Leg exercises for skiers
People watching the 2014 Winter Olympics might wonder how skiers reach such high levels of performance. A common misconception is that athletes prepare for snow sports only during the winter months. The reality is, however, that Olympians train throughout the year. They use every muscle group of the body, but put a lot of focus on their legs. You might not be ready to tackle the slopes at the 2018 games, but you can start with these ski exercises:
Training your knees to withstand the heavy stress of skiing down rough terrain will help you maintain good form for the duration of a long run. You will also experience side-to-side motion. In order to keep your legs from turning into jelly, try doing the ski jump exercise. Begin with your feet together. Bend your knees and then jump to one side. As soon as you land, jump to the other. Repeat this lateral motion. Try to do three sets, with eight repetitions to each set.
Developing strong hamstrings is key to preventing ACL injuries during a ski run. Romanian deadlifts target the backs of your legs and will help increase your stability. Start by grabbing a heavy dumbbell. Bend your knees slightly while lowering your torso. Remember to hinge at your hips and keep your back as straight as possible. As you begin to rise from this position, thrust your hips forward and return to your original stance. If you are new to Romanian deadlifts, begin with a light weight to learn correct form. Try to do three to four sets of eight repetitions.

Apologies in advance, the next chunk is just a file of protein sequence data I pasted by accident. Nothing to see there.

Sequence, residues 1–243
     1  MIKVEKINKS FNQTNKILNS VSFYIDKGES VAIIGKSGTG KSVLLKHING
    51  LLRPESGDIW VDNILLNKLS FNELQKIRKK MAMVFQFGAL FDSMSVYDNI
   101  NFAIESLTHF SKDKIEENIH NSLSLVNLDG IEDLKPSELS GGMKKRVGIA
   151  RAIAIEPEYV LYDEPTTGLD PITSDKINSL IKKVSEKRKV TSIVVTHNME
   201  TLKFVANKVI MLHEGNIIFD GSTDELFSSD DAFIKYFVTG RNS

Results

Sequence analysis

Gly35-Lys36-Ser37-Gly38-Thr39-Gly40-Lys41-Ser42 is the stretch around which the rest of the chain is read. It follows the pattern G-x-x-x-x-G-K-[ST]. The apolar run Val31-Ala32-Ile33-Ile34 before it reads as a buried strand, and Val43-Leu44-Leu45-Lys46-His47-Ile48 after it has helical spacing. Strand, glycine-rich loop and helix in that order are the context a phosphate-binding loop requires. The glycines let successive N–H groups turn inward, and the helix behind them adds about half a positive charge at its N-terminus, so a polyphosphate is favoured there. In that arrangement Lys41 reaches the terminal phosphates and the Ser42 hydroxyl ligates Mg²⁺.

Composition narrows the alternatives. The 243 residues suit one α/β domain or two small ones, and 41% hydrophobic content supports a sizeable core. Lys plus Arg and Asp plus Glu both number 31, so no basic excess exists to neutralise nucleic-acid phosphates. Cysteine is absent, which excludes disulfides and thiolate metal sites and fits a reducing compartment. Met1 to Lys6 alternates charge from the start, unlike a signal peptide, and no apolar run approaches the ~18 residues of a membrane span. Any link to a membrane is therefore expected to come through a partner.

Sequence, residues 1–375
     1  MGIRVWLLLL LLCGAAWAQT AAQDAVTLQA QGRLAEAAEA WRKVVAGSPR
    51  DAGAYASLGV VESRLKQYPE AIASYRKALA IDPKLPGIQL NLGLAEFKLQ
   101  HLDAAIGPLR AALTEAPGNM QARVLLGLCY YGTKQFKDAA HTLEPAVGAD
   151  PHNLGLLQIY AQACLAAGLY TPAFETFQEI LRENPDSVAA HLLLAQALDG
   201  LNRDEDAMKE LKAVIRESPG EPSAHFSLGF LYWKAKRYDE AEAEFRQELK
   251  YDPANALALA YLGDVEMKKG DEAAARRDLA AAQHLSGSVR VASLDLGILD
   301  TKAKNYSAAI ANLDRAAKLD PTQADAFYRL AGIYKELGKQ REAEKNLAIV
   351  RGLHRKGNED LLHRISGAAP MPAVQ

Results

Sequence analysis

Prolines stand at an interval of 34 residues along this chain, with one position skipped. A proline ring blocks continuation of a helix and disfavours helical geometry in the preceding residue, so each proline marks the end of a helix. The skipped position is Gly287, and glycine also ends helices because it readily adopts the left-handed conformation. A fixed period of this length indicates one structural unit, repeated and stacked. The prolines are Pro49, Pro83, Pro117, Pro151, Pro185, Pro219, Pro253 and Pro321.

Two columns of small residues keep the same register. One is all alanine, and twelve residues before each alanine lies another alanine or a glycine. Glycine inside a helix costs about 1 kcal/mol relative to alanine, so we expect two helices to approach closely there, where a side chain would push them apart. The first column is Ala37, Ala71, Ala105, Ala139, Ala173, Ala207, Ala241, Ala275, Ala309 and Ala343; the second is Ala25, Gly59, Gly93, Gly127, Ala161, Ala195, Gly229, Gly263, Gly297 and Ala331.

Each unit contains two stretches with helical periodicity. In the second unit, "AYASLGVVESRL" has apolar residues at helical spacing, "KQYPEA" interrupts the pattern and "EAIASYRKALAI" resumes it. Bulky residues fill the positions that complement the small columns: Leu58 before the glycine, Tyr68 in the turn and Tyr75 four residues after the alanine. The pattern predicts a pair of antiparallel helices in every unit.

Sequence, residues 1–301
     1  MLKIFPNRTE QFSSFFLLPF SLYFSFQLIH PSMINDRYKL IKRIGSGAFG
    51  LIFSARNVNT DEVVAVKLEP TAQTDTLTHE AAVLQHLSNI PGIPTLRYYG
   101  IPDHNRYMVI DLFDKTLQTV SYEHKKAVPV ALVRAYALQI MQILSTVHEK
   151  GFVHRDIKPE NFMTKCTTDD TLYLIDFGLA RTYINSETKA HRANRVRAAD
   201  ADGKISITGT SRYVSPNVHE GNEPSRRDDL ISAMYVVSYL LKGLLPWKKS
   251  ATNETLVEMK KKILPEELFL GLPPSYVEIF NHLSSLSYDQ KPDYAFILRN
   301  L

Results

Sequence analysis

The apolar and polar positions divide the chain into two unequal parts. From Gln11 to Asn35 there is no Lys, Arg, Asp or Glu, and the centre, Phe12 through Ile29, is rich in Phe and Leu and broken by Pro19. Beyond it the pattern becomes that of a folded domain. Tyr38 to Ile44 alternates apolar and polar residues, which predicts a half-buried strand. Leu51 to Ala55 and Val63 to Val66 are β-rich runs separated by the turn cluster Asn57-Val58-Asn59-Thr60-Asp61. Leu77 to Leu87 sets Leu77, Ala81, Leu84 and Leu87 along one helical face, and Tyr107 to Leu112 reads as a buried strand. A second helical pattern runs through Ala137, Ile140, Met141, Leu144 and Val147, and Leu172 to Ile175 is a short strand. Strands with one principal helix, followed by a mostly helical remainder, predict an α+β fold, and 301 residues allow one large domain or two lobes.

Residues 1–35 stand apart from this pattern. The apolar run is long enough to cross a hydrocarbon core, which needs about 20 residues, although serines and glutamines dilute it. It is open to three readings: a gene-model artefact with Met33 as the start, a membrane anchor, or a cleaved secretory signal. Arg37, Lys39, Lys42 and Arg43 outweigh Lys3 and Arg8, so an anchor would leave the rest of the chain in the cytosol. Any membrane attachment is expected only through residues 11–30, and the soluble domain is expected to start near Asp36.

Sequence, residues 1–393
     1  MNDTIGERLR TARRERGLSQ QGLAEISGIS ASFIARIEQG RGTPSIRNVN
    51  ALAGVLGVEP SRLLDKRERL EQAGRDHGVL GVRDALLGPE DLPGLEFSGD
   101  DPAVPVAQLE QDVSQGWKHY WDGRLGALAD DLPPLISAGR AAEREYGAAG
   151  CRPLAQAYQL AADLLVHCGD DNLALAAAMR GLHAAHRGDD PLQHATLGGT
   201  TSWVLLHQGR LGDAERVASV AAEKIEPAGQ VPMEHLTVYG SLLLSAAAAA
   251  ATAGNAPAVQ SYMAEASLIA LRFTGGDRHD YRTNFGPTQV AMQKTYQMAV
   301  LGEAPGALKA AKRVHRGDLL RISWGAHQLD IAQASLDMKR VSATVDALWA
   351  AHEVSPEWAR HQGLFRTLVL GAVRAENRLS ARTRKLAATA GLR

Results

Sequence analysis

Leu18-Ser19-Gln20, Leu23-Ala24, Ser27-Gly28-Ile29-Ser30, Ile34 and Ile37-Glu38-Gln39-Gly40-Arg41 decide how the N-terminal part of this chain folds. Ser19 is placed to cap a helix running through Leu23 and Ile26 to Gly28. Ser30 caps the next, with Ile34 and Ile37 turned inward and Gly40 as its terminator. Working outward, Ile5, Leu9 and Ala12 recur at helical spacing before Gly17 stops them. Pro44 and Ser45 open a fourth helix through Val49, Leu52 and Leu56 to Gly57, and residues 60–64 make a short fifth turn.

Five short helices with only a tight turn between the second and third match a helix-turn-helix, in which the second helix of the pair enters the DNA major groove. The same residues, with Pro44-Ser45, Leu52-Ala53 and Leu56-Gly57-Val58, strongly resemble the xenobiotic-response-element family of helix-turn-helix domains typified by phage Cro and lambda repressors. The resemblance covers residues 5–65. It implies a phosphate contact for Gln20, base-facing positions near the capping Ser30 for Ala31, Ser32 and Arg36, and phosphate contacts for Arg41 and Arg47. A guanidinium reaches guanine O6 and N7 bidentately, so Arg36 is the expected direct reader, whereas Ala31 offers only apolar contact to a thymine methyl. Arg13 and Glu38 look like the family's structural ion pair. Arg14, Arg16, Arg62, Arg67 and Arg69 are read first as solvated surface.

This exercise is a staple in every Olympic skier's training regimen. The single-leg squat works the stabilizer muscles in your leg, so you get stronger and more balanced. Begin the exercise by standing with one leg straight out in front of you. Slightly bend your standing knee. Slowly lower your body as if you were to sit down. Hold this position for a moment and then stand up. You can either switch legs or continue to do more repetitions. Some beginners will initially experience difficulty balancing on one leg. To help stabilize your body, hold on to a chair or put your hand on a wall. For veteran athletes, try closing your eyes while performing the exercise.